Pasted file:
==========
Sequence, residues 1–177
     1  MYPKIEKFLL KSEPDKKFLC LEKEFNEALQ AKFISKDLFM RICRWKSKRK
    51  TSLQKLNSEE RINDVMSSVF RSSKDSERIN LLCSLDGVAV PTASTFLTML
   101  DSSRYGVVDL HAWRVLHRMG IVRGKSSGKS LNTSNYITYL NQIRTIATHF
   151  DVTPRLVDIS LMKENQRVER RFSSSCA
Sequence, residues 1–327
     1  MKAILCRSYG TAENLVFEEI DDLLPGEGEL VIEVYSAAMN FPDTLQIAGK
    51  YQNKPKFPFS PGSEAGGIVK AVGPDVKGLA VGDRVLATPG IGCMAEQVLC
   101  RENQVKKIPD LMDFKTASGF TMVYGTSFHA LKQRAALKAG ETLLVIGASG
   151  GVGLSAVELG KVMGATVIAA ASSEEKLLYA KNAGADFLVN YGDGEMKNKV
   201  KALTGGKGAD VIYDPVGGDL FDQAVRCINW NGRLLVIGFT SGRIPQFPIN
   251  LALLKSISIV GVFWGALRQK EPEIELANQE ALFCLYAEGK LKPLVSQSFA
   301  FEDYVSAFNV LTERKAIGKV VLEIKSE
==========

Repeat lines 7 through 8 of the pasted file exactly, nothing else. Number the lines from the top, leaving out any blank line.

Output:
     1  MKAILCRSYG TAENLVFEEI DDLLPGEGEL VIEVYSAAMN FPDTLQIAGK
    51  YQNKPKFPFS PGSEAGGIVK AVGPDVKGLA VGDRVLATPG IGCMAEQVLC